Welcome to the Learning curve, a monthly column where we unwrap the complicated experience of coming to terms with your own body in a world that just doesn’t seem to want you to. This month, in our very first post, writer Nicola Dall’Asen reflects on the lack of fat people in beauty campaigns – and the industry in general.
The zippers rarely reached the top of the zipper. The size 13 jeans, the largest in the store, came up so high in my crotch that I could taste the denim. The fabric of the T-shirt was tight over my stomach and the back fat still hanging over the belts. Due to the lack of plus sizes at mainstream girls’ and women’s retailers, this has happened almost everywhere I have purchased clothes – but never, ever in the beauty aisles.
I was lucky to have discovered the magical world of beauty products from an early age, around the age of 10. My height never dictated whether or not I could curl my hair with my coveted Mary-Kate and Ashley curling iron or spray myself with Viva La Juicy (forgive me, that was in the early 2000s). I could look at dozens of eye shadows, without unflattering lighting in the locker room – and I would do that regularly throughout my life until I became a beauty journalist. When I bought these things in person, I could see other customers around me who had bodies like mine shopping alongside those who had bigger and smaller ones as well. Surrounded by beauty products, I finally felt accepted, hoping that fashion could catch up one day.
It’s a story familiar to many obese people, especially women. “Beauty was a way for me to feel beautiful when I didn’t have clothes that I could afford or that fit, so I always used makeup as a way of expressing myself,” says Jessica Torres. , beauty and fashion content creator and co-host of the Fat Girl Club podcast. “Once I found out about lipstick, I literally wore it all the time. I was like, Wow, it makes me feel sexy and powerful, and I can do whatever I want.” I have heard a lot of similar feelings from other fat girls throughout my life.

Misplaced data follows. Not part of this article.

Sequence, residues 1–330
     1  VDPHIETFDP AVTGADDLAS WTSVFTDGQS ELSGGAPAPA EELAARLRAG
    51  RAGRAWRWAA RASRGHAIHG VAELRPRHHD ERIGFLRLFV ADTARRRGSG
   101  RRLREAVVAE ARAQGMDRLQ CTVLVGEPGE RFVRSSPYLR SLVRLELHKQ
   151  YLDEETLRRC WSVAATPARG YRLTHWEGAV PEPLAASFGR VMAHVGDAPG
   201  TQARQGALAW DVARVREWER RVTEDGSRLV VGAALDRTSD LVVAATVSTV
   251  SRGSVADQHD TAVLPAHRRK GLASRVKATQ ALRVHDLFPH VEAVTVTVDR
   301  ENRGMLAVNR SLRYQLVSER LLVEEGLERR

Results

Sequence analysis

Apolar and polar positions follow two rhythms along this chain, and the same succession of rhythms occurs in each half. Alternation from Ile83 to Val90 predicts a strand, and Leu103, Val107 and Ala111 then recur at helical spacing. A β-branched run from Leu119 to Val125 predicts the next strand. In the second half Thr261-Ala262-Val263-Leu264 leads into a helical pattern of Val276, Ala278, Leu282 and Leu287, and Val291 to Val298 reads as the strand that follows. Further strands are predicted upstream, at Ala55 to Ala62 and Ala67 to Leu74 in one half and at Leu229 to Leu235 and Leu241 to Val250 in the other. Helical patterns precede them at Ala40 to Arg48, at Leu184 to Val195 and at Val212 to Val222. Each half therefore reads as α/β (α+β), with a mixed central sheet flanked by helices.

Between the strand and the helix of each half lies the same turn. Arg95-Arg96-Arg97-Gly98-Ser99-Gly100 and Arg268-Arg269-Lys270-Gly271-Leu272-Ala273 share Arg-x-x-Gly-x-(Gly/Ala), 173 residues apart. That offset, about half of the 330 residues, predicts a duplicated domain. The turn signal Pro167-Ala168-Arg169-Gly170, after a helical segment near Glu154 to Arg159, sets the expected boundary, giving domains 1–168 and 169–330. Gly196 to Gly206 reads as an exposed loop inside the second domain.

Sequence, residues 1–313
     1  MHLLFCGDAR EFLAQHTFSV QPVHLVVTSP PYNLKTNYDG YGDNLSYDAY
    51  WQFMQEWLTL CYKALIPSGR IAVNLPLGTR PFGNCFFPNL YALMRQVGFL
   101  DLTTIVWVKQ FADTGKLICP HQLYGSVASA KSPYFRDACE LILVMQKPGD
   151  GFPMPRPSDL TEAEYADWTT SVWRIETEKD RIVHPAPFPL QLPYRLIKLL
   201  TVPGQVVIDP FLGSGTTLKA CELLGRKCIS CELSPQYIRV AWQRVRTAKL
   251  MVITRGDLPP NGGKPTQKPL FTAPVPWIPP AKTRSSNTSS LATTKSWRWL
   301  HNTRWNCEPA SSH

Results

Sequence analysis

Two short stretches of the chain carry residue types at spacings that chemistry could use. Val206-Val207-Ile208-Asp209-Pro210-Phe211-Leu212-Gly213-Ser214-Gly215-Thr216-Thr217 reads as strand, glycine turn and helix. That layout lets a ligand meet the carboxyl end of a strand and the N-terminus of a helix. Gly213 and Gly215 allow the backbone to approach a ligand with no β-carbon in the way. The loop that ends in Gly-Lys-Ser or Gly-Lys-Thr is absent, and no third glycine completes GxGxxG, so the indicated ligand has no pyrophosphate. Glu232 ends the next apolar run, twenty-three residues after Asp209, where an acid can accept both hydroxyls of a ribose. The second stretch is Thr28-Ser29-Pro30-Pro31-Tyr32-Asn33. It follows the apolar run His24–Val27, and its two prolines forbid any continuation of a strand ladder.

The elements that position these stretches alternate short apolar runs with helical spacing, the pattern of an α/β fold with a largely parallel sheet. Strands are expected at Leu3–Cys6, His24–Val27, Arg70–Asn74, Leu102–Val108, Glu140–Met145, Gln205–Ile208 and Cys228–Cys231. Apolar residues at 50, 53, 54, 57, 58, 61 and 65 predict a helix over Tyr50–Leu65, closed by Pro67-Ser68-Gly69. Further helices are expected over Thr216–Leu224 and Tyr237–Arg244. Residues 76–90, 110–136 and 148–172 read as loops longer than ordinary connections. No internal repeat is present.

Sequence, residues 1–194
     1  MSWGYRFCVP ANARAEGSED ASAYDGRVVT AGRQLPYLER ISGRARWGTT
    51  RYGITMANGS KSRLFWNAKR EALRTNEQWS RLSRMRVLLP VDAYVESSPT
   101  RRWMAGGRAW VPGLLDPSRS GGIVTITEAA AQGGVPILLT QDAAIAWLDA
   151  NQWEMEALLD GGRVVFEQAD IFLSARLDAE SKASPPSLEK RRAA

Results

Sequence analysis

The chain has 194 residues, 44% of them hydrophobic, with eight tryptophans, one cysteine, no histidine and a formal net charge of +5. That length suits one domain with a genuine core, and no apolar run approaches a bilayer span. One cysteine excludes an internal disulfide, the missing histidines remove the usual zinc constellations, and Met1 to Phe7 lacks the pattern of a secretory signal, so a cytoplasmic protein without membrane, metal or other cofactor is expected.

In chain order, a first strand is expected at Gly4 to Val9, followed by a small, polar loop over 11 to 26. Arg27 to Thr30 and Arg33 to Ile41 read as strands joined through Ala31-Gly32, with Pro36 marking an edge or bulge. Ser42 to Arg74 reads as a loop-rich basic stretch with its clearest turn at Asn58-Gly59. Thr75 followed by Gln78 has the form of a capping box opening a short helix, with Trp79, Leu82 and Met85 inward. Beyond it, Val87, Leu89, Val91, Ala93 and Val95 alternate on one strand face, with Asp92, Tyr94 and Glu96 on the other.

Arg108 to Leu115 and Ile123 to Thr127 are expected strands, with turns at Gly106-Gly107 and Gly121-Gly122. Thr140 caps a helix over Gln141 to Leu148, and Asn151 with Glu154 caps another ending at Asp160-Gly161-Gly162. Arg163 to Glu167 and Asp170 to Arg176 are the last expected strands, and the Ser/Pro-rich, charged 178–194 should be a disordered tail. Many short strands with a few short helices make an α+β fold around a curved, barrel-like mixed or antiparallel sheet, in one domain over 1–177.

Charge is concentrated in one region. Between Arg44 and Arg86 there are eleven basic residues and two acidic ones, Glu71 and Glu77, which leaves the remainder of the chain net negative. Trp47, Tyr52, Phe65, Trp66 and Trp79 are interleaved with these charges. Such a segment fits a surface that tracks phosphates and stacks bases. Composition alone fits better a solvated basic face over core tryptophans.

With that in mind, consider all the beauty commercials that you have seen in your life and combine them into one picture. What do you imagine? This is what I see: a thin, white woman. Her skin is tight, tanned and free from blemishes, stretch marks and scars. Either she gives a “smize” or happily displays virtually flawless teeth. Of course, there is nothing wrong with being white and thin, but when you consider the purpose of a beauty advertisement – for a brand to convince you that their product will make you look better – we run into a problem. Because when you are constantly taught to believe that the only definition of beauty is white and thin (or proportioned in a very specific way), it can really ruin a person’s self-image if it doesn’t fit. this mold (and many, numerous people don’t fit into that mold). Meanwhile, the people who actually buy these products represent the full range of body sizes and shapes.